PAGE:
Your guide to healthy and ergonomic computing

Most of us spend a lot of our work day (or all of it) sitting on a desk working on a computer – whether it is a laptop, desktop, or a tablet. Here’s what you need to do create a workspace that takes ergonomic design principles into consideration. Of course, you need to pay attention to the type of input devices you use. Since we have our hands on a mouse or keyboard most of the time, buying ergonomic devices make sense even though they are more expensive than regular keyboard and mice.

When you’re sitting on your desk, it is important to avoid awkward postures and to position your body correctly. You should keep your shoulders relaxed and back straight with elbows close to body at a 90⁰-100⁰ angle. The wrists should be in straight line with the forearm and you should not use wrist rest areas while typing. These are for resting on when you are not typing.

The top of monitor should be at the same level as your eyes, and the monitor should be about an arm’s length away. The former is a common issue with laptops replacing desktops for a lot of people. Laptops are neither designed nor used in an ergonomic fashion and can increase the risk of developing repetitive strain injuries.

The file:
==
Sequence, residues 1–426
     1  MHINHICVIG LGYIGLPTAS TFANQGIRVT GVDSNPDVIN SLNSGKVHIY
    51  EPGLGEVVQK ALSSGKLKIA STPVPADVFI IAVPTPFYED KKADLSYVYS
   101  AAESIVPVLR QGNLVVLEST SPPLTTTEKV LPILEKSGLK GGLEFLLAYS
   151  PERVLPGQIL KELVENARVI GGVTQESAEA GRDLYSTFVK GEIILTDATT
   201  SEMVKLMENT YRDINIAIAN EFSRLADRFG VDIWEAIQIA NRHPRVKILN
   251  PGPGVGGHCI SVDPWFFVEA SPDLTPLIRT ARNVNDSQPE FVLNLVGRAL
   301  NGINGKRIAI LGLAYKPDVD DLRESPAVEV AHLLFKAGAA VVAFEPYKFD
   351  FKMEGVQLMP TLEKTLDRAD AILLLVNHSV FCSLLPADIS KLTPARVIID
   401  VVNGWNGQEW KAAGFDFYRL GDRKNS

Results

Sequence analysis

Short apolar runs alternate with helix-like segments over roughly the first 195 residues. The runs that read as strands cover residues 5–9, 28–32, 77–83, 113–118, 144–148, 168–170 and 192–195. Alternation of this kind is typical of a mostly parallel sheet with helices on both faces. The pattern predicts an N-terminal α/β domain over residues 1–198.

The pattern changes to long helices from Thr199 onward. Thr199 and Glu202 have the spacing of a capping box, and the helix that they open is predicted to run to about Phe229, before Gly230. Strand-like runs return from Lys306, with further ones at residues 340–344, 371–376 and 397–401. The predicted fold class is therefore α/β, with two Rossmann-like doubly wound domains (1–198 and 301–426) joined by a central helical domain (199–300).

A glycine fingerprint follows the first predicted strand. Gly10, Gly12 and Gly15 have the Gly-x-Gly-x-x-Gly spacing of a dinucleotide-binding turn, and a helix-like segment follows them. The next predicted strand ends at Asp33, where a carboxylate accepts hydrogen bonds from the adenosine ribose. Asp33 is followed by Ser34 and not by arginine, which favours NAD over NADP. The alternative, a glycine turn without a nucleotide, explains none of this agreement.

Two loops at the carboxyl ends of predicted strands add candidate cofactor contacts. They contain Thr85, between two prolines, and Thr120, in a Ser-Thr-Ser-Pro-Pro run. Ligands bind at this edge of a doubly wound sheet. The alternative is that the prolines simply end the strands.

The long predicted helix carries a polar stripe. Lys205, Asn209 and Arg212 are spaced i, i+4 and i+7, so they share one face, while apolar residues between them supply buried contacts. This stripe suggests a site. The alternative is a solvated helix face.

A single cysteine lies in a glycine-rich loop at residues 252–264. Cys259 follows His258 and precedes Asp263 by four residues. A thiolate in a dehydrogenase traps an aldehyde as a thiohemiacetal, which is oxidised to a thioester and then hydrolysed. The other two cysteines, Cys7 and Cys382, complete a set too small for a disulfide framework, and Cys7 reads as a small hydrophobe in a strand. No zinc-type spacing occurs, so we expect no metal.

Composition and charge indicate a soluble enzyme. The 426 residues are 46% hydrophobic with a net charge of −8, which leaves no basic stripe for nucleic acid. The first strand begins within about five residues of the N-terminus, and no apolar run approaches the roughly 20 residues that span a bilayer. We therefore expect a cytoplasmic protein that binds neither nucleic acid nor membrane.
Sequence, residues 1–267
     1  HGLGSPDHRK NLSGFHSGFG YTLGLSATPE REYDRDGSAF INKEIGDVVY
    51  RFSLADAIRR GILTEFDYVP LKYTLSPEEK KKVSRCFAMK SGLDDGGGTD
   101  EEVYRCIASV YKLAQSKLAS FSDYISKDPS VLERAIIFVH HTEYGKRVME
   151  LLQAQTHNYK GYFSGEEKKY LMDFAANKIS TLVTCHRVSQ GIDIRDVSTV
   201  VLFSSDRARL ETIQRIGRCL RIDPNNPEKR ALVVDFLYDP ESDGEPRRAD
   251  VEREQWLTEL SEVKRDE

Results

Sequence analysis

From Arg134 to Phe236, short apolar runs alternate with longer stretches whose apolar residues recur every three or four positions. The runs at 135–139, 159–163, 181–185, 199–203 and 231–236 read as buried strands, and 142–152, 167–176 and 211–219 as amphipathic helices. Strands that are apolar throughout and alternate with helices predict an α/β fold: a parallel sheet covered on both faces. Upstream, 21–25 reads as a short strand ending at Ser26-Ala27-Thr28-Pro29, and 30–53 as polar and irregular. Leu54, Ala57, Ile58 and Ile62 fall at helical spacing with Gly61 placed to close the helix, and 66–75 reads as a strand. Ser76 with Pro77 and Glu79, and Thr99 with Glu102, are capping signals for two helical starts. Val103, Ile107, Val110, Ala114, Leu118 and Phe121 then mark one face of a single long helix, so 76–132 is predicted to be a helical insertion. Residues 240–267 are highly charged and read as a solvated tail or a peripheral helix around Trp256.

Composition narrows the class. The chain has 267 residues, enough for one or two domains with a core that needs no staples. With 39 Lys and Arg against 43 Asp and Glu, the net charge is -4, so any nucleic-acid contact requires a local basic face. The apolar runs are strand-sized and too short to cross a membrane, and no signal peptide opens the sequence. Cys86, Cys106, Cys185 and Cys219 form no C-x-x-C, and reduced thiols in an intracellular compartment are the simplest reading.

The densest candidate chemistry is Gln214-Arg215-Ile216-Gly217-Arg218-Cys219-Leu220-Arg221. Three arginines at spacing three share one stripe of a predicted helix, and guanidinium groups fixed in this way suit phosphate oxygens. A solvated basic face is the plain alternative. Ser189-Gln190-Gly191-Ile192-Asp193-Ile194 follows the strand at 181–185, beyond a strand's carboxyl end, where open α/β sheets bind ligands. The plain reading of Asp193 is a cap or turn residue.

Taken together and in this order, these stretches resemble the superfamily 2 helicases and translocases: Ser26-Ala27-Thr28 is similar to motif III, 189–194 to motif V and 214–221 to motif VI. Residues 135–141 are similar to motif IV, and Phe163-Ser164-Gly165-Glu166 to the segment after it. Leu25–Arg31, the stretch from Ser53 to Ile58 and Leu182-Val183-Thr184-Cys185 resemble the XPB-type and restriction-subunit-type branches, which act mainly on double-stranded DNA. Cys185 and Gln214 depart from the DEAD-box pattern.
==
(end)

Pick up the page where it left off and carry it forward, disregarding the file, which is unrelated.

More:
However, using a separate keyboard and mouse can definitely improve the comfort while using a laptop. Also, use a laptop stand to prop up the screen to eye level.

The chair should be adjusted in a way so that your feet are flat on ground. I prefer to use a footrest. While it’s better to use a proper ergonomic chair, but in case you don’t want to spend much on fancier ones, make sure the one you get has support for natural back arch.

There are few other tips to improve overall comfort and productivity. Take frequent breaks between work… stand up and stretch and walk around. Also, use software features like fast scrolling and touchpad gestures as well as keyboard shortcuts according to your operating system to avoid stretching your palms and lower the amount of travel.

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